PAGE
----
Repeat this step throughout your story.
Lose every: 'every', 'much', 'very, 'really, 'so', etc. These are called Qualifiers.
"Here are the most common qualifiers in English (though some of these words have other functions as well): very, quite, rather, somewhat, more, most, less, least, too, so, just, enough, indeed, still, almost, fairly, really, pretty, even, a bit, a little, a (whole) lot, a good deal, a great deal, kind of, sort of." [from: About.com, Grammar and Composition]
Get rid of ALL of them.
Just to check in - HERE'S OUR STORY at this point:
It was a summer day. It was noon. The children have gone out to play for recess. It is their favorite time of day.
They slide and happily ride on the merry-go-round. They play follow-the leader. The leader today is Tommy. He joyfully goes through the tunnel. He is having lots of fun being the leader! The kids went through the tunnel. Put your heads down! He laughingly goes low under the monkey bars. The kids go low under the monkey bars. Hey! Watch out for overhead climbing monkeys! I hope no one is being incautious! More kids joined in. Tommy walks through the swings. The kids walk through the swings. The principal joined in! Yea! Tommy heroically climbed up the slide. He is high! There is a long line of kids. They all slide down! Here comes the Principal. Plop! Yea!
What a good Leader Tommy is!
What can we get rid of next?
9.) $100 WORDS.
You may think they sound smart, but you could be wrong. Used incorrectly, those big words weaken your writing and disturb your reader. Lose them.
Example: In the story above:
'Watch out for overhead climbing monkeys! I hope no one is being incautious!'
Since this is a story for children, we'll drop the 'incautious' line altogether.
10.) '-ly' WORDS.
These are descriptive words, but weak ones. Eject. (And trust.)
Example: In the story above:
'They slide and happily ride on the merry-go-round.' -> lose 'happily'
'Tommy heroically climbed up the slide.' -> lose 'heroically'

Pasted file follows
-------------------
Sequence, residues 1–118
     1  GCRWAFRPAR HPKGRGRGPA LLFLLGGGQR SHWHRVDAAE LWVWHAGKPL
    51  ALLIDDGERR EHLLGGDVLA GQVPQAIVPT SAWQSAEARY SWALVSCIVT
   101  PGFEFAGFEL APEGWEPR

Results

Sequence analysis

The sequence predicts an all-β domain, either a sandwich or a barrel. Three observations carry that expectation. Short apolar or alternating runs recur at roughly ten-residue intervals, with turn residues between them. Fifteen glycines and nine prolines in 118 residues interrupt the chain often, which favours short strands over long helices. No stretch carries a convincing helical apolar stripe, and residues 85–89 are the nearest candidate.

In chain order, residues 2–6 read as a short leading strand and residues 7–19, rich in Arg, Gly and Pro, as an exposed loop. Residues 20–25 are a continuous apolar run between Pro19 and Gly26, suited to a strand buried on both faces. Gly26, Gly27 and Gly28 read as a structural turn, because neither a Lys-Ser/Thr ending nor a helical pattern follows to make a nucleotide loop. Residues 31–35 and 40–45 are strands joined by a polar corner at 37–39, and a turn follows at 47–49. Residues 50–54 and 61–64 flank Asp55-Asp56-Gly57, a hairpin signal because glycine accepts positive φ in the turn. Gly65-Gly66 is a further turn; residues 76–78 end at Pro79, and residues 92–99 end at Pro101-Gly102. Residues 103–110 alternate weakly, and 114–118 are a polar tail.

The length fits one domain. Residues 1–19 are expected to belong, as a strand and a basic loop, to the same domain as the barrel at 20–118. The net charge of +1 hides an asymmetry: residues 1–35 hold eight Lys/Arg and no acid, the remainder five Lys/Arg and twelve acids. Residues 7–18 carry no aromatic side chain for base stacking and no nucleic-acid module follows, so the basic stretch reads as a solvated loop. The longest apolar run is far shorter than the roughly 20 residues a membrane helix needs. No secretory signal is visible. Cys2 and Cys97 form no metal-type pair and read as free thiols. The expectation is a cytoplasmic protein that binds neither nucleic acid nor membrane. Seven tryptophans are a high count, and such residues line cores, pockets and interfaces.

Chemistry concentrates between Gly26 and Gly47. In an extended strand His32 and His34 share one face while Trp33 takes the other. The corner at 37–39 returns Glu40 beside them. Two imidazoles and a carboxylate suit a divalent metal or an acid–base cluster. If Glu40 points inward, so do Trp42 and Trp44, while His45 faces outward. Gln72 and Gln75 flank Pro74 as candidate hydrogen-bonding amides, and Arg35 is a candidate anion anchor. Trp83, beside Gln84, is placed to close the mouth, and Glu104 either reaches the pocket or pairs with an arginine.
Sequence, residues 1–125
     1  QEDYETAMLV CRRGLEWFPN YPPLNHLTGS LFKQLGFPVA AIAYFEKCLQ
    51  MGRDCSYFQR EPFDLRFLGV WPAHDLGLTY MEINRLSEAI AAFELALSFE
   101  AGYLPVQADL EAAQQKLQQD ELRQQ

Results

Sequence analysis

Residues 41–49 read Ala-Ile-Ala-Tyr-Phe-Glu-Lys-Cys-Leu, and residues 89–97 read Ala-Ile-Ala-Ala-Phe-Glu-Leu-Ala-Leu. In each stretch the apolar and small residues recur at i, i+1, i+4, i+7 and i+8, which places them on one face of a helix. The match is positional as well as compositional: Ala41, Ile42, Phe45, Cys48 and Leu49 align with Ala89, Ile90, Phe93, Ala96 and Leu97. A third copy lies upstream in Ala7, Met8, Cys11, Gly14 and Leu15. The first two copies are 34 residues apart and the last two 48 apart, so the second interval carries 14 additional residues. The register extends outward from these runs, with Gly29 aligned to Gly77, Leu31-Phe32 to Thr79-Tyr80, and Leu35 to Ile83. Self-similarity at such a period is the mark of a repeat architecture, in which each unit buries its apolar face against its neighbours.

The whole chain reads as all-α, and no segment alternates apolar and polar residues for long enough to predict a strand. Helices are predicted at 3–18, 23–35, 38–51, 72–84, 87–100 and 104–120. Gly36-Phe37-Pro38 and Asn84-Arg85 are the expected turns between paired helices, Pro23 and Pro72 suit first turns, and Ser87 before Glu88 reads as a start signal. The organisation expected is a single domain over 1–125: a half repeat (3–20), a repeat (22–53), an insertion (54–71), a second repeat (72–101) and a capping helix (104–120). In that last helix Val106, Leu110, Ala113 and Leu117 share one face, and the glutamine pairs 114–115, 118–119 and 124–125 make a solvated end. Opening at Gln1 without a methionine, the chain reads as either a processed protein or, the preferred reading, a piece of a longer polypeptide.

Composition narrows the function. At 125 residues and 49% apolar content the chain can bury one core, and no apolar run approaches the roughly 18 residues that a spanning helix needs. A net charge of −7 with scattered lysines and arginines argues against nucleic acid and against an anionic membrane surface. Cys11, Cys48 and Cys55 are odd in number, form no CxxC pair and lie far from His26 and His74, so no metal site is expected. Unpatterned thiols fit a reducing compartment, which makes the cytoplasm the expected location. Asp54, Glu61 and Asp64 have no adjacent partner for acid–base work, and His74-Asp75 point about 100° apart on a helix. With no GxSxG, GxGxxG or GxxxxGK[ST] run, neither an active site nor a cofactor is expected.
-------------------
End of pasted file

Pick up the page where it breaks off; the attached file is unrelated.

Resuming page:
There are better ways to say these things. See if you can find more '-ly' words in the story that need to go.
11.) CHECK YOUR VERB TENSES.
Make sure they agree. If you are writing in the past tense, make sure all your verbs are in agreement. If you are unsure about this, check any writer's manual or online writer's web site. (Holler if you'd like suggestions.)
In the story our verbs are NOT in harmony. Take a look and see if you can put them in the PRESENT tense. We'll check on it in a minute.
12.) USE OF THE WORD: 'IT'.
Sometimes something bugs you. It gets under your skin and starts to grow. It lays eggs. It hatches thousands of little beings and before you know it there are billions of the little critters running around driving you batty. It's baffling how it happens. Do you get it? Perhaps it's just me...but IT drives me crazy.
Let's change topics. When you are writing about your sister, Betty, you may call her 'sis', 'Betty', 'Babs', 'her', or any number of things, but occasionally - and rather frequently - you should also refer to her by her given name so people will know to whom you are referring. Does that make sense?
Now. (deep breath.)The FIRST 'it' topic: There's a person, place or thing I want to speak about. Somehow in the course of writing, I forget that the same rules apply here as in referring to my sister Betty. I must not allow my 'its' to take over. I must either refer to the object by name, remember to occasionally remind my readers of the item or...I should not speak of it in the first place. I must always ask myself if the item is truly important to my story or not, and then treat it accordingly. Readers should ALWAYS be able to look and see immediately what my 'it' refers to.
The SECOND 'it' issue is that I am sometimes tempted to throw 'ungrounded' its around. I must always GROUND my its !! (*smile*) Now let's see if I can explain that...
Example: from the story above.
'It is a summer day. It is noon. The children have come out to play for recess. It is their favorite time of day.'
See if this sounds better:
'On a golden afternoon, children have come to the playground for recess, their favorite time of day.' [No 'ungrounded' its floating around!! Hurray!]